During intracavity or intravesical instillation, contrast agents are rapidly absorbed into the surrounding tissue and eliminated primarily by the kidneys. Small amounts may be absorbed through the bladder with subsequent renal elimination. Exams of the uterus (hysterosalpingography) and bladder (voiding cystourethrography) involve the almost immediate drainage of contrast medium from the cavity upon conclusion of the radiographic procedure (14).

Intrathecal administration is currently limited to only one nonionic contrast agent approved by the FDA for such use: iohexol. In the mid-1980s, specific concentrations of iohexol were approved for intrathecal administration: Omnipaque180, -240, and -300. Iohexol proved to be significantly less neurotoxic than the first-generation ionic agents. Slow diffusion of iohexol takes place throughout the cerebrospinal fluid with subsequent absorption into the bloodstream and renal elimination (14).

Many radiological contrast agents are neurotoxic. Misadministration of ionic contrast media intrathecally can result in serious adverse reactions: “death, convulsions, cerebral hemorrhage, coma, paralysis, arachnoiditis, acute renal failure, cardiac arrest, seizures, rhabdomyolysis, hyperthermia, and brain edema” (16). Immediate recognition of the mistake and prompt aggressive treatment may lessen the likelihood of harm or death (7). In 1994, the FDA required manufacturers of iodinated contrast agents other than iohexol to place warnings on each vial, package, and package insert of the serious adverse reactions resulting from intrathecal administration (7).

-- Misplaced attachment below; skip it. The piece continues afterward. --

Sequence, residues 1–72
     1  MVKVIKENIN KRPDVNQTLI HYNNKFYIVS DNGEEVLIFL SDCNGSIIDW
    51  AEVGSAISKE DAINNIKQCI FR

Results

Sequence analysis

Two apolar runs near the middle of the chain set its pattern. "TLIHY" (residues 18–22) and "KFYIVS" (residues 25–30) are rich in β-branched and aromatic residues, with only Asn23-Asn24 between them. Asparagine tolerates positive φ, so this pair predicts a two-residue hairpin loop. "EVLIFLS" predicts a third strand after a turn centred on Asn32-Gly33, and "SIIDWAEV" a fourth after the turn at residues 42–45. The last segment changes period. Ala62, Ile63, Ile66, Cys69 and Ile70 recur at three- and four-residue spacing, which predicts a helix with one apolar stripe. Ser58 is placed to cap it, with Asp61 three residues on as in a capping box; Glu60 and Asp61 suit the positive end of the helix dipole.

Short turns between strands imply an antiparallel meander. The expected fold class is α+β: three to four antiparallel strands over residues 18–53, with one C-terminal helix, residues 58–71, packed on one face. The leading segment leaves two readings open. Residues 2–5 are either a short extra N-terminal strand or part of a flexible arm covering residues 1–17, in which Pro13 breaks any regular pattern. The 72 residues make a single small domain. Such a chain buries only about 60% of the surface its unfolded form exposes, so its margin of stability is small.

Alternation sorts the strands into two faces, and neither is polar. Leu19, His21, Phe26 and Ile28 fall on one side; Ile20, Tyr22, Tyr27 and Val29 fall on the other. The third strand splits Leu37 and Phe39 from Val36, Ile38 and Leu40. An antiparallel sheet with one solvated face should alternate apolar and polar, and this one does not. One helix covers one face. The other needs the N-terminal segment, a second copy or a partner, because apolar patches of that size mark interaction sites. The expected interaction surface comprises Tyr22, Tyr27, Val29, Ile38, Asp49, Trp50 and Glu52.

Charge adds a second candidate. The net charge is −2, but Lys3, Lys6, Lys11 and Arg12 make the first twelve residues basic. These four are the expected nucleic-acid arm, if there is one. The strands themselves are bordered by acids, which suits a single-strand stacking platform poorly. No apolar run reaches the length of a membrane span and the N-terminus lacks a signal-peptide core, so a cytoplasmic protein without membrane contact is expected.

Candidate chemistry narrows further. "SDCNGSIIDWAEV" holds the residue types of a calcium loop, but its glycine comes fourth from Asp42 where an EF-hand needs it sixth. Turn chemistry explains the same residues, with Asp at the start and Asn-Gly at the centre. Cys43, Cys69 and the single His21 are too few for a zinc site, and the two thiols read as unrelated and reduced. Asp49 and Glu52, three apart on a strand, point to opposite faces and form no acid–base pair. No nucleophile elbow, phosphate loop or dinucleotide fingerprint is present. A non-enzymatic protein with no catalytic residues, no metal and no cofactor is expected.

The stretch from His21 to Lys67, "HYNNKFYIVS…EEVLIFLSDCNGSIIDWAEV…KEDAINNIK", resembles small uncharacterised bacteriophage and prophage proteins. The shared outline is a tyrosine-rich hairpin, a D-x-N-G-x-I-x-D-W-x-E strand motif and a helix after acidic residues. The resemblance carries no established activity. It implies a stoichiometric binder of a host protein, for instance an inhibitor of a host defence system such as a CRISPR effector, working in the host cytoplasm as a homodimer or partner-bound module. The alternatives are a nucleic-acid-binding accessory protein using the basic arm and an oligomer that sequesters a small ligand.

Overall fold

Time to peak opacification is dependent on the route of administration. In angiography, time to peak opacification is immediate after intravenous administration. In urography, renal parenchyma, including the renal cortex, is visible 1 minute after rapid injection. Optimal opacification is directly dependent on the final urinary iodine concentration, urine volume within the respective regions of the urinary tract, and kidney glomerular filtration rate. Calyces, pelves, and ureters are visualized 10 to 15 minutes after bolus injection (14).

Pregnancy category and breast-feeding

Most iodinated contrast agents are classified as pregnancy category B. Diatrizoate meglumine and diatrizoate meglumine sodium are listed as category C. Before administration of the drug to women of childbearing potential, the benefit to the patient should be carefully weighed against the possible risk Intravenous to the fetus (14, 17).

For oral and rectal solutions, studies with diatrizoates have not been done in humans. Elective contrast radiography of the abdomen is usually not recommended during pregnancy because of the risks to the fetus from radiation exposure. Studies in animals have not shown that diatrizoate sodium causes adverse effects in the fetus.

For parenteral solutions, studies with diatrizoates have not been done in humans or animals. Intravenous products cross the placenta, probably by simple diffusion, and are evenly distributed in fetal tissues. Intra-amniotic injection of diatrizoates has been reported to suppress the fetal thyroid gland (14).